Huntington’s diseaseBMJ 2010; 340 doi: https://doi.org/10.1136/bmj.c3109 (Published 30 June 2010) Cite this as: BMJ 2010;340:c3109
- Marianne J U Novak, clinical research fellow12,
- Sarah J Tabrizi, professor of clinical neurology, honorary consultant neurologist and neurogeneticist 13
- 1National Hospital for Neurology and Neurosurgery, London WC1N 3BG
- 2Wellcome Trust Centre for Neuroimaging, UCL Institute of Neurology, London WC1N 3BG
- 3Department of Neurodegenerative Disease, UCL Institute of Neurology
- Correspondence to: S Tabrizi
- Accepted 8 April 2010
Huntington’s disease causes motor, cognitive, and psychiatric impairment
Predictive and diagnostic genetic testing are available through specialist centres
Genetic testing for the disease has many implications for patients and families
The disease currently has no cure, but many therapeutic options exist to improve symptoms
Optimal care usually requires input from a multidisciplinary team
Huntington’s disease is a devastating inherited neurodegenerative disease characterised by progressive motor, cognitive, and psychiatric symptoms. Patients may present with any of these symptoms, and familiarity with the phenotype is therefore important. Chorea and loss of balance are early symptoms that patients notice, although families often notice cognitive or personality changes before this.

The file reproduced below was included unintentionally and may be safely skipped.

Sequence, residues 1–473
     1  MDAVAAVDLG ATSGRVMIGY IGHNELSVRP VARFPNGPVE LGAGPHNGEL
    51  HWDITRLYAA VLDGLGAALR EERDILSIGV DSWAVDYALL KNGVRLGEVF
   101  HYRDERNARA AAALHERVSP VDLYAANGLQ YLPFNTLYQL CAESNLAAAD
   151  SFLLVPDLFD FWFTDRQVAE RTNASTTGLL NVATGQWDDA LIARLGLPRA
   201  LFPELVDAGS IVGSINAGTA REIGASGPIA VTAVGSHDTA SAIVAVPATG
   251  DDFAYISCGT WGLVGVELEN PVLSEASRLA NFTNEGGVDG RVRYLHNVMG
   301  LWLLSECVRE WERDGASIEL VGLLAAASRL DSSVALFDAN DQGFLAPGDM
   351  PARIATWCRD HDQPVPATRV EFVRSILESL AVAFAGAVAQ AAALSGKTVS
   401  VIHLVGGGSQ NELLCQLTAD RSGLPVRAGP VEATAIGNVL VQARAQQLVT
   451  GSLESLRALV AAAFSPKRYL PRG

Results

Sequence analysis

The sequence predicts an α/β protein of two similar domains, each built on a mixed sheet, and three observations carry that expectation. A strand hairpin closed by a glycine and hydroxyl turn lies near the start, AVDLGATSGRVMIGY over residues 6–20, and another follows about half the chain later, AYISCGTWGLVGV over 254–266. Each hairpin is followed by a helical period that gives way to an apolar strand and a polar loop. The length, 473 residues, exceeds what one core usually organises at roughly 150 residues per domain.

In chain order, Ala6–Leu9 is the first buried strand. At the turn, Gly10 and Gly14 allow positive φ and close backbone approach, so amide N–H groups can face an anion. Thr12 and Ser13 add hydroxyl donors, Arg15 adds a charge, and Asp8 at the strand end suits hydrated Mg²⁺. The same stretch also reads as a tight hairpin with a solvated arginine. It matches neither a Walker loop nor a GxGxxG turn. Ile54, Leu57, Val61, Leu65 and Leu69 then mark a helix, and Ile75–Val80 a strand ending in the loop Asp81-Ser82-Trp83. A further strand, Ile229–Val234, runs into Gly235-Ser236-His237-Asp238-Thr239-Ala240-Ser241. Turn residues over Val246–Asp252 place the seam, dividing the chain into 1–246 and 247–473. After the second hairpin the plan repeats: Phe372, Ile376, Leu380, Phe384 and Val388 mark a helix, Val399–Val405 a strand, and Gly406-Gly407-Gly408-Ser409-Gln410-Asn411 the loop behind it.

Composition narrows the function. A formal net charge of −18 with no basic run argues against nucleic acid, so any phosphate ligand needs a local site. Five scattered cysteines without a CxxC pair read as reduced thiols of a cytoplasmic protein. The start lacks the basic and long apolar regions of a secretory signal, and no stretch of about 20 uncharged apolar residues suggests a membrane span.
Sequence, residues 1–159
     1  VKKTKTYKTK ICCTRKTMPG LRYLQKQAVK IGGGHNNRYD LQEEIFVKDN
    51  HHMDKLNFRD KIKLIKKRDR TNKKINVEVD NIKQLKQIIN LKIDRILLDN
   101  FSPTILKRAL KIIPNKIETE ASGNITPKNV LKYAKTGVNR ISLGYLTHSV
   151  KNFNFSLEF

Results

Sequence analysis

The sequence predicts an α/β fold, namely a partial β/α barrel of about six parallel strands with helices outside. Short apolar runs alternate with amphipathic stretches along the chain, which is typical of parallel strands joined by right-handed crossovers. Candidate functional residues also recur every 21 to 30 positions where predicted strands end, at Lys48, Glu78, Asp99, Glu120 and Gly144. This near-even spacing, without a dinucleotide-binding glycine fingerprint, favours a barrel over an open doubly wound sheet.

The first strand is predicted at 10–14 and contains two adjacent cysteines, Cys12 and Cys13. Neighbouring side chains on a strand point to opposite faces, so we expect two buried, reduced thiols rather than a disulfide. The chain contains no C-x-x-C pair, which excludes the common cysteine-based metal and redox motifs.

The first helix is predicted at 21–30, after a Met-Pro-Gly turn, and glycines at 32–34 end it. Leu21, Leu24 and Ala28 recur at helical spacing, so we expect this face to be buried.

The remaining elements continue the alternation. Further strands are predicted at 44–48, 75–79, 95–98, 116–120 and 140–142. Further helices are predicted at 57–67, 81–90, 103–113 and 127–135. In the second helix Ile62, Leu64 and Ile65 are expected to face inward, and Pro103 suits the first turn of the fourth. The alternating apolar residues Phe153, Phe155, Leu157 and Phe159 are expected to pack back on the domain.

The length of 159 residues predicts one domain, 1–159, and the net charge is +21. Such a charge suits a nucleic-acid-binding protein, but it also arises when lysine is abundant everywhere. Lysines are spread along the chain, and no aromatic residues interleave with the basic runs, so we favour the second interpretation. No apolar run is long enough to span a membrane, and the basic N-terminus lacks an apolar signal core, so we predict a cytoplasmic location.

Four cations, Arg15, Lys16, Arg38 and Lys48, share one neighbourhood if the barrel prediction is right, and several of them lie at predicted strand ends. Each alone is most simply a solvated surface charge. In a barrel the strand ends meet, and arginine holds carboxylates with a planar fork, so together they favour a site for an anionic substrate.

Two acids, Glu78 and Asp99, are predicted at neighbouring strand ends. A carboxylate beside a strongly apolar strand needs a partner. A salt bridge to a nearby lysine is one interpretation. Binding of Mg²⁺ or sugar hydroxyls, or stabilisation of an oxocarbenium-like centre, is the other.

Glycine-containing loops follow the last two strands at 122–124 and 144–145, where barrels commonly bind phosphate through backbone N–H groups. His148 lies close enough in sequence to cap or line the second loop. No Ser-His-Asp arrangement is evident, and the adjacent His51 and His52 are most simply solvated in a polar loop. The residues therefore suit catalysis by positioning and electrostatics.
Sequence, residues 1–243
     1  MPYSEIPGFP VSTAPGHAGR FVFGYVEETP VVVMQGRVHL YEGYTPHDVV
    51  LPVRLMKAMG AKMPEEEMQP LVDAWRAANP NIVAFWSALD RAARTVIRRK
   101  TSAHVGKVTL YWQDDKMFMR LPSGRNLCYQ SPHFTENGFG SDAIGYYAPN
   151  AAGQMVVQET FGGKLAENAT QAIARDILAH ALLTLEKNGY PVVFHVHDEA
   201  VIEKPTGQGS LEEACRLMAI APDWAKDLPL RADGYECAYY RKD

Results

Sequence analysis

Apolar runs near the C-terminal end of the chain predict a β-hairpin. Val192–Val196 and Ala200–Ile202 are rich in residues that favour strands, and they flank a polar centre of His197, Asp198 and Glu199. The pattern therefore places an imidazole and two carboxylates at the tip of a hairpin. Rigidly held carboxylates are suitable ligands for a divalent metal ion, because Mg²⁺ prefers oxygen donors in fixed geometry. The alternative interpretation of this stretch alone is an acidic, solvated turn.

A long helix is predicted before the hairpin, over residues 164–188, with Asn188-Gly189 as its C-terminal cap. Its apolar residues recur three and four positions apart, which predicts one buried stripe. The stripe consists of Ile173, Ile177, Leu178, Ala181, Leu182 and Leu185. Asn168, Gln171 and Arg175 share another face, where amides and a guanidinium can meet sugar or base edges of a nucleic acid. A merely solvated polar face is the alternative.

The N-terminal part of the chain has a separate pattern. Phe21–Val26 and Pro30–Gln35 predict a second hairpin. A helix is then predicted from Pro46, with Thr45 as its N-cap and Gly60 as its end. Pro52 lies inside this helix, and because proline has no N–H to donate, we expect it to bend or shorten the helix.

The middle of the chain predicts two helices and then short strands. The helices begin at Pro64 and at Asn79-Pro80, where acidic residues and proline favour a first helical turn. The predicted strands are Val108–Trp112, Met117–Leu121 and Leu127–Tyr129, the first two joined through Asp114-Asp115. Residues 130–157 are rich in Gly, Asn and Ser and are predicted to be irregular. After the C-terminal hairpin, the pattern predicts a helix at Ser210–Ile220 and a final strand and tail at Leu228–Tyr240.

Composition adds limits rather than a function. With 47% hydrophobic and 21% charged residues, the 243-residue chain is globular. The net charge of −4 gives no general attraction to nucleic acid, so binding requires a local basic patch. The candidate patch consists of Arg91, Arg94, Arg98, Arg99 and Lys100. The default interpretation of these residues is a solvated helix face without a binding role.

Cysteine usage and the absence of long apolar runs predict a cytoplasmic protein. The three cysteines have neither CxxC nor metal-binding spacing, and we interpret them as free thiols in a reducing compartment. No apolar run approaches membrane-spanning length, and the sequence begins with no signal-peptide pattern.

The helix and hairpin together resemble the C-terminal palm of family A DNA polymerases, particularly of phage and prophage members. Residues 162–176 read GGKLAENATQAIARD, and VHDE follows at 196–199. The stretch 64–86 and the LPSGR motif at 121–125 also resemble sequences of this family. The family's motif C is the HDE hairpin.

Sources and selection criteria
This review is based on our experience of leading (SJT) and working in (MJUN) the multidisciplinary Huntington’s disease clinic at the National Hospital for Neurology and Neurosurgery, supported by an up to date literature review performed using PubMed and a review of the Cochrane database.
The disease occurs in all racial groups but is most common in people of northern European origin. Its prevalence in the Western hemisphere is 7-10/100 000.w1 The mean age of onset of symptoms is 40 years, but juvenile onset (<20 years) and older onset (>70 years) forms are well recognised. The Huntington’s Disease Association (HDA) has records of 6161 adults with symptomatic Huntington’s disease and 541 children with juvenile Huntington’s disease (in England and Wales) at the time of writing. This is a conservative estimate of prevalence because it includes only those people in contact with the HDA, and it suggests that the true prevalence of the disease is higher than previously thought.1
Although relatively uncommon, Huntington’s disease can be devastating for patients and their families. People who are at risk of developing the disease because of a family history face difficult decisions about genetic testing. We review …
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